Augustine's Early Theology of Image

A Study in the Development of Pro-Nicene Theology

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Gerald P. Boersma
Oxford Studies in Historical Theology
  • New York, NY: 
    Oxford University Pressr
    , January
     336 pages.
     For other formats: Link to Publisher's Website.


Gerald Boersma’s book Augustine’s Early Theology of Image consists of two parts. First, he explores how Augustine’s pro-Nicene predecessors articulated the notion of imago dei. A common thread connecting three fourth-century Western theologians, Hilary of Poitiers, Marius Victorinus, and Ambrose of Milan, is the use of “image” as a Christological term. All three theologians employ the concept of imago dei to affirm both the Son’s distinctness and equality to the Father. As image is necessarily a distinct entity from the archetype, so too, the Son is a distinct person (hypostasis) from the Father. Yet, as Victorinus emphasizes, God is simple (i.e., irreducible to a diversity of elements), and therefore the source and its image must share the same substance. This interpretation of “image” as equality is rooted in a contextual understanding of Colossians 1:15, which calls Jesus an image of the invisible God and the first-born of all creation. Rather than being a visible image of an invisible God (thus presupposing a kind of subordination), the Son is presented as an eternal image through whom all creation is brought into being. Victorinus notes that here potentiality and actuality are inextricably linked on account of divine simplicity. Thus, already in his preexistent state, the Son images the Father.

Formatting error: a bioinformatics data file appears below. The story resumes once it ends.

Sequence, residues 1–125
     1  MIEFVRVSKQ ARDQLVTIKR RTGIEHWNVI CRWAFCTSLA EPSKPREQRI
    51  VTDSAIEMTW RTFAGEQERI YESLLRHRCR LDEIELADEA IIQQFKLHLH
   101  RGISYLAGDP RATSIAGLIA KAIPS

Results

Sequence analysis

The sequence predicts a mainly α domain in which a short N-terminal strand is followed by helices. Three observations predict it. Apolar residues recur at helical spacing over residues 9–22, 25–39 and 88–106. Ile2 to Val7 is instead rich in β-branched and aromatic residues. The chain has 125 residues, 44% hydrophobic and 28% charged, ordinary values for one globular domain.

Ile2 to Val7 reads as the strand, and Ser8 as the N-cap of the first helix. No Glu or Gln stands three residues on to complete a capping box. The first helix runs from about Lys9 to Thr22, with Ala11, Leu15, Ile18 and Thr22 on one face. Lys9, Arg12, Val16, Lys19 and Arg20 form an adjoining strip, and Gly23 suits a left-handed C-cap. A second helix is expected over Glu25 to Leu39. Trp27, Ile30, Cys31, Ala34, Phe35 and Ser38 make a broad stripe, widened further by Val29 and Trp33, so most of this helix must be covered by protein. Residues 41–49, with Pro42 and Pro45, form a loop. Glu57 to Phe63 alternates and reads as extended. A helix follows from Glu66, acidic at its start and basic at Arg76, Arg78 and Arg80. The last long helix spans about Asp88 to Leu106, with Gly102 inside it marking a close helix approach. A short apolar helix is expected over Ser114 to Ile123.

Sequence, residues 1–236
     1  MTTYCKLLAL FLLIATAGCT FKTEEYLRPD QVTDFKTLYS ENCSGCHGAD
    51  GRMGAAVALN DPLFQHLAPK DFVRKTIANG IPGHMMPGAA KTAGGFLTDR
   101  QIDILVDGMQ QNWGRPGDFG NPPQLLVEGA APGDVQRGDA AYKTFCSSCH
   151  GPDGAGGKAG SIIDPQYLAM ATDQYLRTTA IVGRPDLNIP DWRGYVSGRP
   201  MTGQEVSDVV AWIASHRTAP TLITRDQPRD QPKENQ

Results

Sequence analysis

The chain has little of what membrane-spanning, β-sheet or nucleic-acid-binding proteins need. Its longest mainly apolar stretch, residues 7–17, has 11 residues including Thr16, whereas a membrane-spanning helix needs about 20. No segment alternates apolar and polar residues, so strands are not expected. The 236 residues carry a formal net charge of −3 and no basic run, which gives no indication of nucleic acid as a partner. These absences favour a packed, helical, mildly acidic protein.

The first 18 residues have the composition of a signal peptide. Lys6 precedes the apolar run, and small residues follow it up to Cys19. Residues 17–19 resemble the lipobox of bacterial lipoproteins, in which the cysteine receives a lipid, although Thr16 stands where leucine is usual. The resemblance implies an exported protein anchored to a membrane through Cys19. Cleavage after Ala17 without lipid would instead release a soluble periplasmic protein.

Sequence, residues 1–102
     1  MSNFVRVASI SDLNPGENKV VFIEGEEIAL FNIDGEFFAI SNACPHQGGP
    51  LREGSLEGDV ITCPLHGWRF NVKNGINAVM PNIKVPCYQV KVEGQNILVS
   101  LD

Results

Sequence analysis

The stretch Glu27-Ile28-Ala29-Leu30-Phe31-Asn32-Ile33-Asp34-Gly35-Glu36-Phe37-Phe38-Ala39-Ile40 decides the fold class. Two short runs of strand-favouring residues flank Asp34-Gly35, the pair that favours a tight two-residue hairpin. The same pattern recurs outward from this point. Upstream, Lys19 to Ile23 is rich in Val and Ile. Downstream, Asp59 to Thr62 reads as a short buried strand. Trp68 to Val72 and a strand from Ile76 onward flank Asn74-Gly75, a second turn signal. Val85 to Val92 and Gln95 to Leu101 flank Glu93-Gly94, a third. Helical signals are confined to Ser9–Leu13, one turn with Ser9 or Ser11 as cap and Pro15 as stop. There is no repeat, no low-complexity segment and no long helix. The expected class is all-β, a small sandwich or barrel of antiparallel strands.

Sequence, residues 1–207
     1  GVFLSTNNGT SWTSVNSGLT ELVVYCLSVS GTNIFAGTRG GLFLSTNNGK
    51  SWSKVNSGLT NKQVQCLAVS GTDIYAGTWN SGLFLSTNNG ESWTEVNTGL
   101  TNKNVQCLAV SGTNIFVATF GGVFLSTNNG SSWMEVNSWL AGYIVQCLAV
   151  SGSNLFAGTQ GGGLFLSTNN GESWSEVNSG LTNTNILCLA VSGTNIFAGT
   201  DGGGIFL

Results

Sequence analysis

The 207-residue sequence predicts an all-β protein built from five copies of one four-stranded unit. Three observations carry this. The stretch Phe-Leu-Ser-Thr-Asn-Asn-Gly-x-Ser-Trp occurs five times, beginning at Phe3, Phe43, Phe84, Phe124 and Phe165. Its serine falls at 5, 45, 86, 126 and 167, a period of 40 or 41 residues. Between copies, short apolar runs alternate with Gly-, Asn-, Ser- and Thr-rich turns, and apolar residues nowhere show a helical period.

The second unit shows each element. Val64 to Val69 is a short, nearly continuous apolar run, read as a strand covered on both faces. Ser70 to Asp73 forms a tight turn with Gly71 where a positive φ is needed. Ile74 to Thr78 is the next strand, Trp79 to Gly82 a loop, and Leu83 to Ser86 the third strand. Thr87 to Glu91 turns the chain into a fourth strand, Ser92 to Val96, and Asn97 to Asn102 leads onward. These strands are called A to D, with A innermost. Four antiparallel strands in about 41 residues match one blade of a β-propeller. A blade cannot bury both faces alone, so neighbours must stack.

Having understood “image” as a term of equality, it is not difficult to understand why Augustine’s predecessors shy away from applying this term to human beings. Indeed, a sharp distinction is drawn between “image” and “likeness”: image denotes equality of substance (homoousious), while likeness presupposes degrees of proximity between different substances (homoiousious). Hence, the former is reserved for Christ, while the latter belongs to human beings. The very account of human creation in the image and likeness of God (Genesis 1:26) is deployed to further a pro-Nicene argument for the Son’s equality. That Adam is created “in our image” is yet another proof that the Son is consubstantial with the Father. Thus, while the Son constitutes a perfect and equal image of the Father, human beings are made according to that common image (ad imaginem dei or secundum imaginem). Prior to Augustine, the strongest emphasis on human participation in the divine image is found in Ambrose of Milan. He too understands the concept of image as a Christological term, but doesn’t thereby exclude human beings from imago dei. Rather, Ambrose believes that the soul, by virtue of its incorporeal nature, participates in the image of God by sharing in the universal Logos, and transvaluation of material goods.